Quote of the week was from a member of knit group: “I must come tonight, because I need someone to help me start my Stormtrooper!” It’s from this book. Some of the characters could be anyone, but I liked Leia, Chewy and the Stormtrooper. C3PO looks like a golden jelly baby.

My friend and I walked again this week. Another 6 mile jaunt through the countryside, with a pot of tea each at the end, peppermint for me and regular tea for her. All accompanied with non-stop chat. That’s got to be good additional exercise for the lungs, I’d have thought? We’d had a sprinkle of snow overnight and so the tea was really really needed by the end. BBBrrrrrr!

After the dentist we popped into an antique centre earlier. The above are dough troughs and a dough board. The prices are high but the personal histories and stories these could impart would be worth it for me, if only these items could talk. Did they come from the same old bakery? Was it commercial, or a large private estate where staff made the household’s bread? It’s impossible to know as the place is one of those where various antique sellers rent an area. You rarely see the procurer. If you buy anything their specific seller code is input at the till. I spoke to one guy as he was restocking, he said he goes to huge antique markets up north and buys whatever he thinks will sell. So, I guess it could be that this particular seller picks up various items and these could be random finds. Meanwhile as I wander around the rest I find I’m imagining a country mill, where local flour was ground and daily bread made for the community in the nearby bakery. These troughs and boards have finally been cleared out of storage, after gathering dust for years. The mill and bakery buildings have been purchased for redevelopment. It’s incredibly sad after well over a hundred years of use, but the business had to end. It was unsustainable as the locals were driving further afield for work and called in at Sainsbury’s on their way home for their daily bread. But these items had been used for decades and decades, the dough worked with smiles, tears and angry thumps of frustration on the mornings when the vinegary woman next door had come in to complain that the loaves were smaller the previous day. Henry the miller and Florence his …….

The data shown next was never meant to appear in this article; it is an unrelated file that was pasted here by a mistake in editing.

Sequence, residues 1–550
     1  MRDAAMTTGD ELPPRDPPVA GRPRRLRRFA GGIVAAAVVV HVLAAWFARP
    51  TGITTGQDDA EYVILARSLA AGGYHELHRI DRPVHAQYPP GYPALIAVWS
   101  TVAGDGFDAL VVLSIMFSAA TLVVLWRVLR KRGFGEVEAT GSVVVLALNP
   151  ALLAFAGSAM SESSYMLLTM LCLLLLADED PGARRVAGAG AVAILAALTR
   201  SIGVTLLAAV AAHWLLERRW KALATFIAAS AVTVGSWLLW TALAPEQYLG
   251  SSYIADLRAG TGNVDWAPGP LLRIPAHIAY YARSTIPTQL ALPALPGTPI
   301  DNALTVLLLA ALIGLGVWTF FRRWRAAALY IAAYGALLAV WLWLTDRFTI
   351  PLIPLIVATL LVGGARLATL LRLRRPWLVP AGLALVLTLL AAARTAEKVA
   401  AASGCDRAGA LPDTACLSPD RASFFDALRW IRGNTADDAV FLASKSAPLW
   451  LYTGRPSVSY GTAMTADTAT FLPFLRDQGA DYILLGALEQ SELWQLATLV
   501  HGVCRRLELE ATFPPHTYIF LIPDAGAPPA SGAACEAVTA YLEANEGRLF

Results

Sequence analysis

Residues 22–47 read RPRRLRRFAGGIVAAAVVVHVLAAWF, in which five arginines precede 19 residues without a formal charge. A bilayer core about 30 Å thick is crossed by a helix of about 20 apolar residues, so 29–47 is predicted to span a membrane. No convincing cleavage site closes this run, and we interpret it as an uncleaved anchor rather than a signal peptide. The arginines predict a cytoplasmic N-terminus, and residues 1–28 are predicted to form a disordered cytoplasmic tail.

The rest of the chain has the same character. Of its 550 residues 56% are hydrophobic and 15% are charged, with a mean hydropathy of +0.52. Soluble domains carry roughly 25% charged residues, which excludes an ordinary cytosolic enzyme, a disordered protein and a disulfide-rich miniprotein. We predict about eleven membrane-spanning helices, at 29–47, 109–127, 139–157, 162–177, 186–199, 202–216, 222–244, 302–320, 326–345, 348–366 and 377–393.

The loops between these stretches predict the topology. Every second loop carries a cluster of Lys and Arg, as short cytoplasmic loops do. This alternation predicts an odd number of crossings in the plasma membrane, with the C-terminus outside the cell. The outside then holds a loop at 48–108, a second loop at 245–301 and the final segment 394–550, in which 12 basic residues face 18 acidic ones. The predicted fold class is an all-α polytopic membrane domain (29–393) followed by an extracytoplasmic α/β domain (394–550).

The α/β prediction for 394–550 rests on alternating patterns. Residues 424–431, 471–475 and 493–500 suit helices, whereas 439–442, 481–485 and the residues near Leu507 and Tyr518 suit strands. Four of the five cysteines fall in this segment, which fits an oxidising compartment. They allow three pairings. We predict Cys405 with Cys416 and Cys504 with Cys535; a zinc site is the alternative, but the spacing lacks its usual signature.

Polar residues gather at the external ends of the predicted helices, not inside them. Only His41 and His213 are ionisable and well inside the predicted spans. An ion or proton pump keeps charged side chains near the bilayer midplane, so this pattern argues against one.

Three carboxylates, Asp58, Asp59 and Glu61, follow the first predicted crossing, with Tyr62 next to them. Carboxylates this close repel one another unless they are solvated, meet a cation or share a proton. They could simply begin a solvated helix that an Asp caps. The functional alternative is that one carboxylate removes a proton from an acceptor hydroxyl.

We felt the dough troughs could be fun to stand pots of hyacinth and other spring bulbs in, apart from that I’m not sure what you’d do with them! I only bake a couple of 2lb loaves at a time…. Isn’t this well put together? It could be a set for a Country Living type of magazine. I did subscribe to that at one point, but had to stop as I found it made me so envious of all the amazing properties and hugely expensive furniture! When I win my huge lottery jackpot I’ll be subscribing again. Now I look at the photo above I think that I should have sat the teddy up a little; he looks uncomfortable. There was something about this little chest of drawers which drew my eye. It’s funny really; as I think most of us would feel we needed to strip and sand it, had it got into this chipped and peeled state. But here it is and on sale for £65!Such a pretty painted chest of drawers. I am always drawn to pink and flowers. This is probably why I like so much of the Cath Kidson range year-round. I just didn’t realise how pink my yarn choices often are, until I updated my Ravelry projects page and saw it’s the dominant colour. This is despite my favourite colours actually being red and blue. The right sort of red yarn is not easy to find. I’m always looking, but often they’re too orange or verging on pink. When I see it, I’ll know it and make a cowl. They’ll have to wrestle the hook and yarn off me in the yarn shop and grab my credit card….Really? £55 for an acrylic crochet blanket in those garish colours!

What about you? Planning any exciting jaunts at the weekend? I’m off to the Lumiere, London Light festival with a friend tomorrow. First we’re going to the V&A for a new exhibition and naughty dinner will be at a GBK.